The Hudson Thomas Program is a workforce training program of the Southeast Louisiana Veterans Healthcare System aimed at increasing the fundamental skills needed to advance the careers of incumbent employees. The program focuses on competencies in reading, writing and computer literacy, as well as soft skills and career coaching. The goal of this program is to increase the number of entry-level workers eligible to apply for mid level positions within the growing VA system.
“So let’s try sending an email,” Gordon Muller tells the participants seated behind computers in the Hudson Thomas Program – all of them employees of the Southeast Louisiana Veterans Health Care System.
For many people in the room this is one of the first emails they’ve ever sent.
“New email you say?” asks one participant.
“The new email icon,” responds Muller.
Fifty-eight year old Jean Barnes is a student in the class. I asked her if she had much computer experience.
“No, we had typewriters and writing,” Barnes replies.
Ms. Barnes says when she started working in hospitals -- about 40 years ago -- that’s what doctors used: a pen and paper. So now she’s catching up to modern technology, because she likes working for the VA.
“I enjoy working with the service people cause I hear different stories, cause I never went to the service,” says Barnes. “I just love ‘em. My job is to clean up the hospital to make my patients comfortable, but after the program I can, you know, do something else.”
“This has been a journey and I’m loving every moment of it,” says Gail Thomas. “The program is named after my late husband Hudson Thomas. He worked here 22 years as a respiratory therapist and he was the president of AFGE -- American Federation of Government Employees.”
Mrs. Thomas says her husband’s union members kept coming to him, saying, “we don’t have any opportunities. We don’t have this opportunity to move, that opportunity.”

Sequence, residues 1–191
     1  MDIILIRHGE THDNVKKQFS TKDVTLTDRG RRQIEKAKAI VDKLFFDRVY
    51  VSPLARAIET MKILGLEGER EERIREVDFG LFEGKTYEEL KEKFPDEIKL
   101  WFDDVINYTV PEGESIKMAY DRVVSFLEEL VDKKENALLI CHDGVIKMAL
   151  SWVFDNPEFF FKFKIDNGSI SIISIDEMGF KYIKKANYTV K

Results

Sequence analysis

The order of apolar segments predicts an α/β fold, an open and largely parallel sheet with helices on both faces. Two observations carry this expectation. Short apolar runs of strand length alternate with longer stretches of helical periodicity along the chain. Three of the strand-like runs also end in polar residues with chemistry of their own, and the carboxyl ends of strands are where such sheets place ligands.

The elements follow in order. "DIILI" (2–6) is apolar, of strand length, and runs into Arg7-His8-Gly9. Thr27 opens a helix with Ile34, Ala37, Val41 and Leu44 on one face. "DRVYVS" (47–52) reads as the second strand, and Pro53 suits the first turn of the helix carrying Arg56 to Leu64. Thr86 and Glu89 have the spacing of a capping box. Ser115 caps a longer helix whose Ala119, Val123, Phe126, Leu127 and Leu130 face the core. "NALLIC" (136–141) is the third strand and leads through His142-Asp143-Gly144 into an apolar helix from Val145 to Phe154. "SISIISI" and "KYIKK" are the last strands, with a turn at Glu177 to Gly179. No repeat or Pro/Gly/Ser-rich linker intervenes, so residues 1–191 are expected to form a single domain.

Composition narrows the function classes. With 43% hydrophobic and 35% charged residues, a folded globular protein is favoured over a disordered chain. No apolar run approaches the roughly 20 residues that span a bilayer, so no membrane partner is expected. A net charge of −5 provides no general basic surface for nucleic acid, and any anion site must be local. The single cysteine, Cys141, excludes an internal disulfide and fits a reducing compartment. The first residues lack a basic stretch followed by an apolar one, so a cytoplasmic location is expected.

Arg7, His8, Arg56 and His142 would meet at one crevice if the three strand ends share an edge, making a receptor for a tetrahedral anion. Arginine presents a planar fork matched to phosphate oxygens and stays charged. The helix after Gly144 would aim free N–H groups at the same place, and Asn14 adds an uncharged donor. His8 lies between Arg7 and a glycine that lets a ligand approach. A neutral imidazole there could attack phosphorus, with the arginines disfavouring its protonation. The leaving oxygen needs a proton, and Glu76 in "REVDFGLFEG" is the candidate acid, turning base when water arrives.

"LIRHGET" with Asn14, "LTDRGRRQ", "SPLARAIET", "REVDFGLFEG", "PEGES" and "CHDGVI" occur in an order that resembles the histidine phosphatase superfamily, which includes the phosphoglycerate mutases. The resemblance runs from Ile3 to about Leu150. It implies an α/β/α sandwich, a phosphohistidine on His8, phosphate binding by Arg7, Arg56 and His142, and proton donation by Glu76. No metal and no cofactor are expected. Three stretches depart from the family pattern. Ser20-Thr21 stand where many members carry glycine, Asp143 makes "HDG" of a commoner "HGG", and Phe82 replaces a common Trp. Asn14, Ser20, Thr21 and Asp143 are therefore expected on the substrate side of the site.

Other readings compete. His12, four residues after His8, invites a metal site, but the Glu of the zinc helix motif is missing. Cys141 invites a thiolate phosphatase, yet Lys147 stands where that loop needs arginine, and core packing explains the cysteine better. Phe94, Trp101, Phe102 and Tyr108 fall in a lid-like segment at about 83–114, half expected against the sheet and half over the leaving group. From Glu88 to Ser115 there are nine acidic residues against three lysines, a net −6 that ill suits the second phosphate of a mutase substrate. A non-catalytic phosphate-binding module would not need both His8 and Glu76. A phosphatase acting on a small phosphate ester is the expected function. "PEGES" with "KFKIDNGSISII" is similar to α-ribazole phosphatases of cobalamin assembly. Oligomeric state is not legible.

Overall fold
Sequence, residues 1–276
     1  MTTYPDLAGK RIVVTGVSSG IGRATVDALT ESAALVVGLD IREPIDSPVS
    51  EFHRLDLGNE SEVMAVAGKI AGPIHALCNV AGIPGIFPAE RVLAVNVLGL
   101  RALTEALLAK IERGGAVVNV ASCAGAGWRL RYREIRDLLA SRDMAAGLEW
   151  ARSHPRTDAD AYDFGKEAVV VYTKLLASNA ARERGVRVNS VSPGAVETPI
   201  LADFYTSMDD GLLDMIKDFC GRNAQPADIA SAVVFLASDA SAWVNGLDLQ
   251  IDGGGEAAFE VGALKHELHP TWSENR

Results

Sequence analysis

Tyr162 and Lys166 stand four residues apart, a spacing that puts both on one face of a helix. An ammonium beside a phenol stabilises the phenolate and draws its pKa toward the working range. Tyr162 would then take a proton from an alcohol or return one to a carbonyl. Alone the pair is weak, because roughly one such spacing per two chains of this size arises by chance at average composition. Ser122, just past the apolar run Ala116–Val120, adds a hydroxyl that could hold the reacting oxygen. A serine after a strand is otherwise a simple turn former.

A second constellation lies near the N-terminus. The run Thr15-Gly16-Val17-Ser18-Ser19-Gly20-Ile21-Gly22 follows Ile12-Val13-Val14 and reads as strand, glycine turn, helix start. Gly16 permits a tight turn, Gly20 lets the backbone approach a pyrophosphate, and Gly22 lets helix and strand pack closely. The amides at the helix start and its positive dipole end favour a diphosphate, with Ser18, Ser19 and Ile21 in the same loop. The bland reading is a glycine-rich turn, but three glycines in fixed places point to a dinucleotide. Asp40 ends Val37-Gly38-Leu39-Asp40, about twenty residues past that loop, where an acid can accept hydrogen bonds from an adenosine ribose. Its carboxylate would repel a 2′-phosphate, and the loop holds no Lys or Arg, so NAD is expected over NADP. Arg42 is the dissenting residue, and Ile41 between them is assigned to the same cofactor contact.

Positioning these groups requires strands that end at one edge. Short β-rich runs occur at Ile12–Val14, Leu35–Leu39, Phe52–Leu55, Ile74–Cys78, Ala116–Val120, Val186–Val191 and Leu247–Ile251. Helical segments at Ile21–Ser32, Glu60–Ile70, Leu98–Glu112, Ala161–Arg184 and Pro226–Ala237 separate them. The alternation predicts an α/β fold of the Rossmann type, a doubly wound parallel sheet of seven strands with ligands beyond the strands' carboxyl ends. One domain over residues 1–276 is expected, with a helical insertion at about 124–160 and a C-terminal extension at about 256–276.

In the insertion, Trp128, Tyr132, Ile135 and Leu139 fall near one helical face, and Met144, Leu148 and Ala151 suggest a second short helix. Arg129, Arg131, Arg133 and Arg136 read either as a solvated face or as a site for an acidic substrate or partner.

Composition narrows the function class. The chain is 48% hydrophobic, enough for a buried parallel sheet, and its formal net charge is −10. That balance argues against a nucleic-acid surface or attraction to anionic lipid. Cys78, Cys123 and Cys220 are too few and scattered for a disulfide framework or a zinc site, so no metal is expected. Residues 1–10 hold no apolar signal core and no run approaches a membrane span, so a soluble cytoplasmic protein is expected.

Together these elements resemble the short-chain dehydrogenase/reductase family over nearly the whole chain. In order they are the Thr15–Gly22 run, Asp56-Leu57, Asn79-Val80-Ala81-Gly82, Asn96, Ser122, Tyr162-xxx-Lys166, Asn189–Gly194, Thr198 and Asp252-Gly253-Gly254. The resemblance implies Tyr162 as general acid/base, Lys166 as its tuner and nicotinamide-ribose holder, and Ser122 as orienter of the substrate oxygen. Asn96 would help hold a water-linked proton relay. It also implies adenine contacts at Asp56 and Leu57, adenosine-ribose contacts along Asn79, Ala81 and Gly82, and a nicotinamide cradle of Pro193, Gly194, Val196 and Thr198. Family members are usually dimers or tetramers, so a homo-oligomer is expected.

So Hudson Thomas did something about it, with a lot of help from the VA. They created the Hudson Thomas Program, a workforce workforce training program done in partnership with New Orleans Works and Delgado Community College.
The program is intended to help VA employees boost the skills they need for job advancement, things like: reading, writing, math and computer literacy. VA employees in the program also get career coaching and help building a resume and preparing for interviews. The goal is to help entry-level workers advance to higher positions. Here, at last, is a way for VA employees to pursue the opportunities they’ve been asking for.
“It’s an investment in them,” says Charon Flowers-Maple, the employee education officer at the VA. “Just as they come to work invest in the VA and taking care of our veterans, we also in turn invest in them, so that they can be better employees and better people across the board.”
Flowers-Maple says, so far, the first cohort who regularly attended the program improved their reading, writing and math skills by at least two grade levels. It’s also improved employee self confidence, morale, motivation -- and care for veterans.
“If they feel connected and they feel like medical center cares about them, they’ll come to work and they’ll be excited to be here to help out veterans,” declares Flowers-Maple, who says the Hudson Thomas Program is a crucial part in the VA’s vision of strengthening its workforce for all employees, at all levels.